BCCMB Celebrates 50 Years
By David SchmidtFeatures Business & Policy Marketing Boards Business/Policy Canada Poultry Production Production
Canada’s first poultry meat board marks milestone in Abbotsford
It has now been 50 years since regulated marketing began in the Canadian chicken industry. In March, several hundred people gathered in Abbotsford, B.C., to celebrate the 50th anniversary of the B.C. Chicken Marketing Board (BCCMB), which until 1980 was known as the B.C. Broiler Marketing Board.
Although it was the first meat poultry board in Canada, it was not the first case of regulated marketing in the province, having been preceded by both the B.C. Milk Board and the B.C. Egg Marketing Board.
A host of dignitaries congratulated the BCCMB on its accomplishments, including retiring Chicken Farmers of Canada (CFC) chair David Fuller and Sen. Gerry St. Germain, a former chicken grower and BCCMB chair.
“The chicken marketing board has always had a special place in my heart,” St. Germain said, insisting it has done a “world of good” for the industry.
“You set a high bar for the rest of us,” Fuller added.
Current BCCMB board member and new CFC chair David Janzen spent most of the evening recounting highlights of the board’s history, beginning with the first board of chair Bob Blair and members Ken Nelson and Bill Vanden Born. They noted how far the industry has come since the BCCMB issued its first pricing order on Dec. 28, 1961, setting the live price at 18.5 cents/pound (40 cents/kilogram). At $1.63333/kilogram, the current price is more than four times that. Production has increased even more dramatically. B.C. now grows about 150 million kilograms/year, an increase of over 1,000 per cent from 1961.
Although the board was formed to smooth out production and increase returns to growers, it has had a checkered history. Despite and sometimes because of its own efforts, history shows the board and the industry has had a series of ups and downs on both the provincial and the national level over the past 50 years.
As early as 1965, the B.C. board indicated a willingness to co-operate with other provinces in implementing regulated pricing and production but stated it would be just as prepared “to compete where competition has been offered.”
The dramatic production increase has not been an orderly climb. The board was forced to make its first quota cut in 1967 when “too many broilers were produced to maintain a stable and profitable market demand.”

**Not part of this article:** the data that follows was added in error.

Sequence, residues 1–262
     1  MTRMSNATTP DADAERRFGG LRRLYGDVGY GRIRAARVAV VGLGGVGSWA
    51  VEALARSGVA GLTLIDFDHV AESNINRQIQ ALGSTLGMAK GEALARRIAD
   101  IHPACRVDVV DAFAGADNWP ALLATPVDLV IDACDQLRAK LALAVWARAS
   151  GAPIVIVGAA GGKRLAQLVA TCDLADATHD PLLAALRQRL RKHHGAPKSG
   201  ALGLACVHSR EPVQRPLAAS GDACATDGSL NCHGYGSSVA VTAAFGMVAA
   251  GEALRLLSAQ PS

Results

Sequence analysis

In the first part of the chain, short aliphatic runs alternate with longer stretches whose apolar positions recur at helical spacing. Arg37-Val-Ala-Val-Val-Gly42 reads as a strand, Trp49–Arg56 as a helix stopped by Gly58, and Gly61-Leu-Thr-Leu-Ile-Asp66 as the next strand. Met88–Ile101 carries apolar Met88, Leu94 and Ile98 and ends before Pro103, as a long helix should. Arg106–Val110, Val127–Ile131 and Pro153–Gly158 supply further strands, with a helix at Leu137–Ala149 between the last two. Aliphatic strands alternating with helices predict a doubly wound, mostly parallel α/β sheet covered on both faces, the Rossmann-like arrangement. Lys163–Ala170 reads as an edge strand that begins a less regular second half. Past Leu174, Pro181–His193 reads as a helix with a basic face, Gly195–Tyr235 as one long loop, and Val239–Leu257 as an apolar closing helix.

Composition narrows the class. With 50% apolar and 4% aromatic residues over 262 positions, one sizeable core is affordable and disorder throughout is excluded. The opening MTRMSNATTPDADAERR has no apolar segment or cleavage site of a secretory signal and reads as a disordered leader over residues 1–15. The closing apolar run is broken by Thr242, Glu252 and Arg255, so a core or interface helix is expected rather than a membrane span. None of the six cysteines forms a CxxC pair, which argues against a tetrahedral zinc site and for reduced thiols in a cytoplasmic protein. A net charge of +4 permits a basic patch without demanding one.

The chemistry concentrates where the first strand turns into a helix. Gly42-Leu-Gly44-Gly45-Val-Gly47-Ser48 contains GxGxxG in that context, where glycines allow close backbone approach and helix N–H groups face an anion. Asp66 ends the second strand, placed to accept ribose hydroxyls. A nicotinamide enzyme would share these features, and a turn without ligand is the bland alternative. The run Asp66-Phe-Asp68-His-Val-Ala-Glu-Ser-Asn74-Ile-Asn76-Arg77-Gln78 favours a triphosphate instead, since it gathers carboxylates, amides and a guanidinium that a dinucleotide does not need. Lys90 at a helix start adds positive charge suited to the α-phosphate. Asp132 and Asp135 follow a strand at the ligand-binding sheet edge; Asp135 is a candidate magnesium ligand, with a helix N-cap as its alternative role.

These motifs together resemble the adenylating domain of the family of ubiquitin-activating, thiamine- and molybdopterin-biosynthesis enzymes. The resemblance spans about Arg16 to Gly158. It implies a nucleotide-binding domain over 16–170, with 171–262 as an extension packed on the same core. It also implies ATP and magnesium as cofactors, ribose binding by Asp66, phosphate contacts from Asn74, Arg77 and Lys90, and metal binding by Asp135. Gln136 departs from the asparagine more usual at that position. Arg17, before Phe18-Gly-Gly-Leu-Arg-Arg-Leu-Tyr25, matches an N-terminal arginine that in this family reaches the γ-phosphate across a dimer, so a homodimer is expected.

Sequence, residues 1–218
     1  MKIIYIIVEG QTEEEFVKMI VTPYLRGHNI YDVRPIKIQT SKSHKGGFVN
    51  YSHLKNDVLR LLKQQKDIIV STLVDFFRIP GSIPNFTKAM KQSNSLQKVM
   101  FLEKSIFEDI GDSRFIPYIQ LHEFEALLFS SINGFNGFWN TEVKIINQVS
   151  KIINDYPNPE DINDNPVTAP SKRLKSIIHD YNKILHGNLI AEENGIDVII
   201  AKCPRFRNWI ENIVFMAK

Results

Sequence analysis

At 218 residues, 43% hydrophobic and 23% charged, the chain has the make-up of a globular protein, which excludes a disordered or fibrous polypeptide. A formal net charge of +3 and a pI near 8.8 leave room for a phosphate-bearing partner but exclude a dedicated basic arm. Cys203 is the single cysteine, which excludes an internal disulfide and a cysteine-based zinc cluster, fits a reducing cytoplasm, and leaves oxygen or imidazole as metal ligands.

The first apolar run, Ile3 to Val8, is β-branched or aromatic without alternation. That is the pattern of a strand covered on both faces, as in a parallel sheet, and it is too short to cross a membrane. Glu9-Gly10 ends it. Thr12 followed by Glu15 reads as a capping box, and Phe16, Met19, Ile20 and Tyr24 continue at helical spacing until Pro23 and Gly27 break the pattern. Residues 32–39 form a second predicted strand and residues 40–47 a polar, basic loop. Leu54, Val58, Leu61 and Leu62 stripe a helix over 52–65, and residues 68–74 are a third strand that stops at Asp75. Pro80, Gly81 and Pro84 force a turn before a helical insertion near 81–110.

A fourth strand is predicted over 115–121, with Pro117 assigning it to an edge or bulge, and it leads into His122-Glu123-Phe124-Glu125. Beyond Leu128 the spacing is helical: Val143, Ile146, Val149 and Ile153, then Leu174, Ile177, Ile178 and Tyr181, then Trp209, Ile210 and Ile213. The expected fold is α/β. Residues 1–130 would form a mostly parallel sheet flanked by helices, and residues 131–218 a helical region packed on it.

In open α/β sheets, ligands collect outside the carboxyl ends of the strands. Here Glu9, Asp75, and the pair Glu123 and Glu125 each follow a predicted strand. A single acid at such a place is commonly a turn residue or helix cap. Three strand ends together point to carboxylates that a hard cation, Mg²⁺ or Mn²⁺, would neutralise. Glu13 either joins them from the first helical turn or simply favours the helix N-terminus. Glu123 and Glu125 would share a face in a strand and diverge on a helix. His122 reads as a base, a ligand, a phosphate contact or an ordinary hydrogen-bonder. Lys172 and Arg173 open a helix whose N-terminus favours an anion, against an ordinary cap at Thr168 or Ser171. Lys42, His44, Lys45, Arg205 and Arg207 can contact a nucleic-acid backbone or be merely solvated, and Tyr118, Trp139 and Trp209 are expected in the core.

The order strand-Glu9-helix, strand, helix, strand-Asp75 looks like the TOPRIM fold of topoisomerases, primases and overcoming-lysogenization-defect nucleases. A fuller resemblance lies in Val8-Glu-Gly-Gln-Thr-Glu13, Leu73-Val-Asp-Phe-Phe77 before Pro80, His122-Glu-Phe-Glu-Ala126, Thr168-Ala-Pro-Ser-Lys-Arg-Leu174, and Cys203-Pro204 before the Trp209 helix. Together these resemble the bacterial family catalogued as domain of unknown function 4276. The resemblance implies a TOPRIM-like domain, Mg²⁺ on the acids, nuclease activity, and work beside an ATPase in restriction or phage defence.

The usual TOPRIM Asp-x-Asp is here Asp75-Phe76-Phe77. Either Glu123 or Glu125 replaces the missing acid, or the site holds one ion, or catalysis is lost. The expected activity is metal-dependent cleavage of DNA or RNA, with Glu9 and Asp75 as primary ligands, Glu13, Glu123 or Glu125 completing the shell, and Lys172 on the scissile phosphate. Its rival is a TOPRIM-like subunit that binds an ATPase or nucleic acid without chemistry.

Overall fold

This also caused the processors of the day to form an advisory committee to the board to improve relations between growers and processors. Like the industry as a whole, that relationship has been up and down ever since.
By 1972, all provinces had instituted their own marketing boards but this was not enough to manage interprovincial movement of chicken. Although B.C. had initially floated the idea of a national chicken plan to deal with the issue, it ended up opposing the proposed plan, saying it did not adequately address market growth within a province.
After years of discussion, the Canadian Chicken Marketing Agency (CCMA – now CFC) was proclaimed on Dec. 29, 1978. B.C. was an original member but withdrew in 1990 to protest what it felt were insufficient quota allocations.
Almost immediately thereafter, the BCCMB agreed to co-operate with the CCMA. By 1994, old wounds had healed and growers voted overwhelmingly in favour of rejoining the national agency. However, that was stymied by the B.C. government and it was not until 2001 that B.C. actually re-entered the national system.
Although the BCCMB had been an elected grower board since its inception, that ended in 2000. As a result of another period of friction between growers and processors, the B.C. government decided to terminate the five-person elected board and replace it with a three-person appointed board. While it has maintained three appointees, including an appointed independent chair, the government has since added two elected grower positions, bringing the board back to a complement of five members. One of the appointed positions is currently vacant.
Current CFC chair David Janzen is the third B.C. grower to serve in that capacity. He was preceded on the national stage by Bruce McAninch and Arne Mykle.
He faces some difficult tasks, as processors in B.C., like their counterparts in Alberta and Ontario, want more production despite the fact there is only marginal growth in Canadian chicken demand.
That was reaffirmed by two of B.C.’s three major processors.
“Our hope is that the B.C. supply will increase,” says Sunrise Farms chief financial officer Scott Cummings, noting his company continues to develop new products in its Abbotsford further processing plant.
Superior Poultry could soon also be requesting more chicken. It has embarked on a $7-million expansion that will result in a 35 per cent increase in the capacity of its Coquitlam processing plant.
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